For decades, the financial industry has insisted that it is a crucial engine to economic prosperity by increasing access to credit and ‘investment’ opportunities. Widespread acceptance of this narrative by governments and individuals alike, has led to decades of increasingly preferential treatment and deference to the financial sector and their requests. The more enriched the sector has become, the more influence they have been able to purchase in setting–in many cases literally drafting– public policy, rules and regulations that serve the pecuniary interests of finance first.
Since the 2008 financial crisis and the madness and mayhem that has followed since, an increasing chorus of people with clarity and courage have been pushing back on financial propaganda (some of us were sounding the alarm before the 2008 blow up!) A steady stream of studies since have proven unequivocally, that while small amounts of credit can jump-start economic progress in helping to get small business initiatives up and running, consumer credit actually has a negative effect in the medium to long-term, hollowing out growth and stability for years to come.
The evidence is so overwhelming, and the cumulative negatives for the future so ominous from present debt levels, that even conventional organizations and institutions are sounding the alarm. A recent report from the IMF establishes statistically that while a rise in household debt can boost economic growth in the very short run, it makes growth three to five years down the line lower than it would otherwise have been, even as it substantially increases the risk of a banking crisis. The IMF’s chart is on the left.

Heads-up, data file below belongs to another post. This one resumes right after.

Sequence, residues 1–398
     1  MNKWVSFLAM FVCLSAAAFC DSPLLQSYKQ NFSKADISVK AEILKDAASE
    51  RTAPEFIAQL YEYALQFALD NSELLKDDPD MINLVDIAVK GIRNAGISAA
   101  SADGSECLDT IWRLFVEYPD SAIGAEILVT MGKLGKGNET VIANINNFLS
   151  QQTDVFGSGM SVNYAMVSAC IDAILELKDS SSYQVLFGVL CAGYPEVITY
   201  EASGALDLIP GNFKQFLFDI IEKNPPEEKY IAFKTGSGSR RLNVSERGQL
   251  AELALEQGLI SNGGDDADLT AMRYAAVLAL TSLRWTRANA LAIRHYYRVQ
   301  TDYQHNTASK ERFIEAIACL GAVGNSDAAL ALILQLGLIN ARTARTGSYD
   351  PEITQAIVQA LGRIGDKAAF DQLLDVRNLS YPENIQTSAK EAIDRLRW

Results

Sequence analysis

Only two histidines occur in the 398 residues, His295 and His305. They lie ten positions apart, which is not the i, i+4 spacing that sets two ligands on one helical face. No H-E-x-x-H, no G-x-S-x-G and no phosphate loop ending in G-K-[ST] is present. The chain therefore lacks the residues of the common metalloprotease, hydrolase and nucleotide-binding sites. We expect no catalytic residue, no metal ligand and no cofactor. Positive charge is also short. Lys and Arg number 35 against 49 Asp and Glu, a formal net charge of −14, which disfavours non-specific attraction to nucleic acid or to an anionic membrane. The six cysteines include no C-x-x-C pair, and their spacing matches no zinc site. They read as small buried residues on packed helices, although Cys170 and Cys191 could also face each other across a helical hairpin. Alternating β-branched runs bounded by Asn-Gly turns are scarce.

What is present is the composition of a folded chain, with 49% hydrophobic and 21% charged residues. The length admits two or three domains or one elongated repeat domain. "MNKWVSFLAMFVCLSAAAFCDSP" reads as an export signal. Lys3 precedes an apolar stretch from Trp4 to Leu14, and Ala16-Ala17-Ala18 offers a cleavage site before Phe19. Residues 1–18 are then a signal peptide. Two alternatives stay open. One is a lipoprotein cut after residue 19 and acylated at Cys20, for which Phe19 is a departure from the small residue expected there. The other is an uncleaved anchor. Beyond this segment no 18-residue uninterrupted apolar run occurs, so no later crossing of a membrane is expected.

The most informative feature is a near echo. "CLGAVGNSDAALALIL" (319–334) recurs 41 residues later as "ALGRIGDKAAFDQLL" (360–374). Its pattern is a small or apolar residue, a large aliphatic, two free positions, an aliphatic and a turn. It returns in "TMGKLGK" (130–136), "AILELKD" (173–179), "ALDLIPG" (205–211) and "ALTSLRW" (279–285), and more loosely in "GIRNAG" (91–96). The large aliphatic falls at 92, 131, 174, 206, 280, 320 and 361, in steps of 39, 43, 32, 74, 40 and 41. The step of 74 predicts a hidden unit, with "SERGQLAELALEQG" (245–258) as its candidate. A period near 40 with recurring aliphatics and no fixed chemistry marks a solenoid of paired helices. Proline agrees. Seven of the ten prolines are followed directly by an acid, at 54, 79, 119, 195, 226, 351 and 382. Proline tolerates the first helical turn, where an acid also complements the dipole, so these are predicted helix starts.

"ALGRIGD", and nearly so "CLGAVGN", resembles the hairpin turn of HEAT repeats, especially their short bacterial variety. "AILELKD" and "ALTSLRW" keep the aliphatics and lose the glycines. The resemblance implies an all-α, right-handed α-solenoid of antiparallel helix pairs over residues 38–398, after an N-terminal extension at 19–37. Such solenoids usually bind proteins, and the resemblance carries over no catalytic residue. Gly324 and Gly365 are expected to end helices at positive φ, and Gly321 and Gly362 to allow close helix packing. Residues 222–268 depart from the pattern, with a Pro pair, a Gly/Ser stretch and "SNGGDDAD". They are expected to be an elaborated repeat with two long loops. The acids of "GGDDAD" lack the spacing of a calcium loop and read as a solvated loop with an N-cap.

Today, many countries, including my home Canada, have the highest household debt levels ever in history, and much worse than at the last debt bubble peak in 2007. See: Most (financial) accidents happen in the home:
The IMF itself has previously established that financial development can improve a country’s prosperity in the early stage — a modern economy needs financial services — but when it reaches a certain size, any further development, on average, destroys wealth. But importantly, not all finance is created alike. The OECD, too, has shown the general finding that beyond a certain point, more finance is economically harmful. But when the researchers separated different forms of finance, they found something fascinating and important: the worst effects come from banking finance and from credit that is extended to households.
Now consider that in our cross-selling-frenzied, financial sales-conglomerate-dominated world, credit pushers are also ‘advising’ (indeed running governments and central banks), as well as institutions and households on how best to ‘build wealth’ and prosperity, while also sponsoring and commissioning much of the academic research and ‘experts’ in this area.
There is no wonder the world has gone so far off a sustainable track, and is poised for the next and potentially worst financial blow up yet. It requires great personal discipline, insight and understanding to resist the presently ubiquitous offering of financially destructive choices. Sadly, most don’t understand this yet, and will be victimized once more. And in the end, we will all pay for that.